The best known fiction from the Islamic world is The Book of One Thousand and One Nights, a collection of fantastical folk tales, legends and parables compiled primarily during the Abbassid era. The collection is recorded as having originated from an Arabic translation of a Sassanian era Persian prototype, with likely origins in Indian literary traditions. Stories from Arabic, Persian, Mesopotamian, and Egyptian folklore and literature were later incorporated. The epic is believed to have taken shape in the 10th century and reached its final form by the 14th century; the number and type of tales have varied from one manuscript to another. All Arabian fantasy tales were often called "Arabian Nights" when translated into English, regardless of whether they appeared in The Book of One Thousand and One Nights. This epic has been influential in the West since it was translated in the 18th century, first by Antoine Galland. Many imitations were written, especially in France. Various characters from this epic have themselves become cultural icons in Western culture, such as Aladdin, Sinbad and Ali Baba.
A famous example of Islamic poetry on romance was Layla and Majnun, an originally Arabic story which was further developed by Iranian, Azerbaijani and other poets in the Persian, Azerbaijani, and Turkish languages. It is a tragic story of undying love much like the later Romeo and Juliet.
Arabic poetry reached its greatest height in the Abbasid era, especially before the loss of central authority and the rise of the Persianate dynasties. Writers like Abu Tammam and Abu Nuwas were closely connected to the caliphal court in Baghdad during the early 9th century, while others such as al-Mutanabbi received their patronage from regional courts.
Under Harun al-Rashid, Baghdad was renowned for its bookstores, which proliferated after the making of paper was introduced. Chinese papermakers had been among those taken prisoner by the Arabs at the Battle of Talas in 751. As prisoners of war, they were dispatched to Samarkand, where they helped set up the first Arab paper mill. In time, paper substituted parchment as the medium for writing, and the production of books greatly increased. These events had an academic and societal impact that could be broadly compared to the introduction of the printing press in the West. Paper aided in communication and record-keeping, it also brought a new sophistication and complexity to businesses, banking, and the civil service. In 794, Jafa al-Barmak built the first paper mill in Baghdad, and from there the technology circulated. Harun required that paper be employed in government dealings, since something recorded on paper could not easily be changed or removed, and eventually, an entire street in Baghdad's business district was dedicated to selling paper and books.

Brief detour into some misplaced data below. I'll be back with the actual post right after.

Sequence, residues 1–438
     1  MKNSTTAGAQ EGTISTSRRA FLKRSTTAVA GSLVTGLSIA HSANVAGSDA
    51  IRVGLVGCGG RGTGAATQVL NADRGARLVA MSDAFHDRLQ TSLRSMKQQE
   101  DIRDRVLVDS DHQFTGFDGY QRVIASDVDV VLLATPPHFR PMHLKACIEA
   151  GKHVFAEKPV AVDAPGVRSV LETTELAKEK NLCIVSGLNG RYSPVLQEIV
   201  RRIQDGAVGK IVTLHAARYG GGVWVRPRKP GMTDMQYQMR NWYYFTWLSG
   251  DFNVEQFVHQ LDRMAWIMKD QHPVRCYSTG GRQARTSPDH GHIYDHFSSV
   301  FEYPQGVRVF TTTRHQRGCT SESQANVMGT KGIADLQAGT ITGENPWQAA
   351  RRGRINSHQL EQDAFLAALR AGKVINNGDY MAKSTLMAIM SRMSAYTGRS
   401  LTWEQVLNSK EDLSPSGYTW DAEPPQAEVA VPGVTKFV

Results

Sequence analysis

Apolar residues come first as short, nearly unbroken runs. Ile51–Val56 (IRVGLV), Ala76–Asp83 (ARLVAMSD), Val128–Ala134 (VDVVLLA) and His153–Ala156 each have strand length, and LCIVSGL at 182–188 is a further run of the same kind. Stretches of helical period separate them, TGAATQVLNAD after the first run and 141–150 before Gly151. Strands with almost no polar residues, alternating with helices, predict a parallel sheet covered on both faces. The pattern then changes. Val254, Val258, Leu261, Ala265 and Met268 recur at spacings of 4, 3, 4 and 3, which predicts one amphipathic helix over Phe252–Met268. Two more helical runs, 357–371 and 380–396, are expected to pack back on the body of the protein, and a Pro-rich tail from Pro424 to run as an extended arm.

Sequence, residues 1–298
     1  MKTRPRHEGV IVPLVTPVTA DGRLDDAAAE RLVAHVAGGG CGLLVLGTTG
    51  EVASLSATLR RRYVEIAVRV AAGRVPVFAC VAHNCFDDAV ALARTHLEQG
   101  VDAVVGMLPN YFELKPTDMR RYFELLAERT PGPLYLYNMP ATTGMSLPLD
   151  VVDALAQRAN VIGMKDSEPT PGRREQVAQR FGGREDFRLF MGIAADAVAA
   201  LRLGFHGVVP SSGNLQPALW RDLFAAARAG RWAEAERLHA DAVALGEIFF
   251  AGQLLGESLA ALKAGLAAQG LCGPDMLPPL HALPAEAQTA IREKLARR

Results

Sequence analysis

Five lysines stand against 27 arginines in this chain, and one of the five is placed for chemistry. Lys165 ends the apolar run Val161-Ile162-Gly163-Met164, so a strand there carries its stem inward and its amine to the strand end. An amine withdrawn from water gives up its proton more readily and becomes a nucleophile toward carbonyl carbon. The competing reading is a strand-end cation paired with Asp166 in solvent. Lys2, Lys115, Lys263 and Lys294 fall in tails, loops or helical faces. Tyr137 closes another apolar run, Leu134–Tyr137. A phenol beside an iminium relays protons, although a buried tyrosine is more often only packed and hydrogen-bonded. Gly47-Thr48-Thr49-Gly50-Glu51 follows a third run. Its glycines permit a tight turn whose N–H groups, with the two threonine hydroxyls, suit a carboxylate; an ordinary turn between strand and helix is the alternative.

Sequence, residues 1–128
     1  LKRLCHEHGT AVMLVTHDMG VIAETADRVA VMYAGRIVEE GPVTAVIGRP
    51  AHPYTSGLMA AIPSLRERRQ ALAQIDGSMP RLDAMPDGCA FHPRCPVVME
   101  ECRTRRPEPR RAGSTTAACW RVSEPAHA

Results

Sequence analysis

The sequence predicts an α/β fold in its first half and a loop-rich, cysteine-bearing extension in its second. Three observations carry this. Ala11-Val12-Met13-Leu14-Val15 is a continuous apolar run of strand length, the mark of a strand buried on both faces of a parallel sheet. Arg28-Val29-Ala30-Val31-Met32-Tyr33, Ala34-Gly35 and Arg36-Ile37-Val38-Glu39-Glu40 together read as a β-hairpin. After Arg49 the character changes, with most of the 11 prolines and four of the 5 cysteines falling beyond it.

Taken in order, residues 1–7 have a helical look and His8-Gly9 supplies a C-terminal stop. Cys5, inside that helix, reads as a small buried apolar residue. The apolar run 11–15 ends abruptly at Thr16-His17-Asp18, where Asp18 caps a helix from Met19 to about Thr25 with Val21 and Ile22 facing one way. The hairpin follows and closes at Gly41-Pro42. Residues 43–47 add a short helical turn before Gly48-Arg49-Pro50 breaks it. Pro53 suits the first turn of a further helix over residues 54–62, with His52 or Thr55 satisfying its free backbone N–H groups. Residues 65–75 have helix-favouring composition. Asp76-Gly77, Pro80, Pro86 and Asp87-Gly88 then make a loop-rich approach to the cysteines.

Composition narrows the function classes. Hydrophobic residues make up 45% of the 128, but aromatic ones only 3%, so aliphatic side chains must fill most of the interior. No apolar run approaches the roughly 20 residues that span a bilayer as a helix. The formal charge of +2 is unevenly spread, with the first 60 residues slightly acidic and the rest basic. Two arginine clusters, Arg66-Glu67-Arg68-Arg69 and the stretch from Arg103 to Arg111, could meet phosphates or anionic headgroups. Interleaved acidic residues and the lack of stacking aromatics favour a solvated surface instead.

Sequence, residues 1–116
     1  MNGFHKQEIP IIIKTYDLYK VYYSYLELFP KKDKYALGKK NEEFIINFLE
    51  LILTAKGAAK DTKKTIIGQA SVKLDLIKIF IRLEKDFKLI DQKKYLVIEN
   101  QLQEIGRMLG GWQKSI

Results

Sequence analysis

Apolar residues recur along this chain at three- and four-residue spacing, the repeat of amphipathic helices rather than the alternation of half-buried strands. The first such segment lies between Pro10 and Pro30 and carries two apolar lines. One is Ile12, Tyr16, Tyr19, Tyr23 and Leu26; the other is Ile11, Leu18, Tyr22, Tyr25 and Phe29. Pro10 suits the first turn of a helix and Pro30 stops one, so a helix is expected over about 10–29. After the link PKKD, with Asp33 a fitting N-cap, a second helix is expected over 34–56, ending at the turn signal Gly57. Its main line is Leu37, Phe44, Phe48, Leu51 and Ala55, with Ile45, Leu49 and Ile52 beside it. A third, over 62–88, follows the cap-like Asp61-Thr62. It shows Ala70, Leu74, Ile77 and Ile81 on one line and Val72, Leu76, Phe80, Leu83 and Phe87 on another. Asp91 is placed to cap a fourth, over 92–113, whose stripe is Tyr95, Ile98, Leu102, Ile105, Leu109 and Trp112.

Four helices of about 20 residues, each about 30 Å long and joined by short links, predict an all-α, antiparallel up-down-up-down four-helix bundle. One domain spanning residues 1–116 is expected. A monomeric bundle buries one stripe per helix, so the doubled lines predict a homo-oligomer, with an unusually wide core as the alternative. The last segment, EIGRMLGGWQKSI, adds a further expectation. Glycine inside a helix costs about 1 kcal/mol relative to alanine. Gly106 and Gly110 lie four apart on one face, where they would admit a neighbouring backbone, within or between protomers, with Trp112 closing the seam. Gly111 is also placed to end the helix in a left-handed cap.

One of the common definitions for "Islamic philosophy" is "the style of philosophy produced within the framework of Islamic culture." Islamic philosophy, in this definition is neither necessarily concerned with religious issues, nor is exclusively produced by Muslims. Their works on Aristotle were a key step in the transmission of learning from ancient Greeks to the Islamic world and the West. They often corrected the philosopher, encouraging a lively debate in the spirit of ijtihad. They also wrote influential original philosophical works, and their thinking was incorporated into Christian philosophy during the Middle Ages, notably by Thomas Aquinas.
Three speculative thinkers, al-Kindi, al-Farabi, and Avicenna, combined Aristotelianism and Neoplatonism with other ideas introduced through Islam, and Avicennism was later established as a result. Other influential Abbasid philosophers include al-Jahiz, and Ibn al-Haytham (Alhacen).
As power shifted from the Umayyads to the Abbasids, the architectural styles changed also. The Christian styles evolved into a style based more on the Sasanian Empire, utilizing mud bricks and baked bricks with carved stucco. Another major development was the creation or vast enlargement of cities as they were turned into the capital of the empire, beginning with the creation of Baghdad in 762, which was planned as a walled city with four gates, and a mosque and palace in the center. Al-Mansur, who was responsible for the creation of Baghdad, also planned the city of Raqqa, along the Euphrates. Finally, in 836, al-Mu'tasim moved the capital to a new site that he created along the Tigris, called Samarra. This city saw 60 years of work, with race-courses and game preserves to add to the atmosphere. Due to the dry remote nature of the environment, some of the palaces built in this era were isolated havens. Al-Ukhaidir Fortress is a fine example of this type of building, which has stables, living quarters, and a mosque, all surrounding inner courtyards. Other mosques of this era, such as the Mosque of Ibn Tulun, in Cairo, and the Great Mosque of Kairouan in Tunisia, while ultimately built during the Umayyad dynasty, were substantially renovated in the 9th century. These renovations, so extensive as to ostensibly be rebuilds, were in the furthest reaches of the Muslim world, in an area that the Aghlabids controlled; however, the styles utilized were mainly Abbasid. Mesopotamia only has one surviving mausoleum from this era, in Samarra. This octagonal dome is the final resting place of al-Muntasir. Other architectural innovations and styles were few, such as the four-centered arch, and a dome erected on squinches. Unfortunately, much was lost due to the ephemeral nature of the stucco and luster tiles.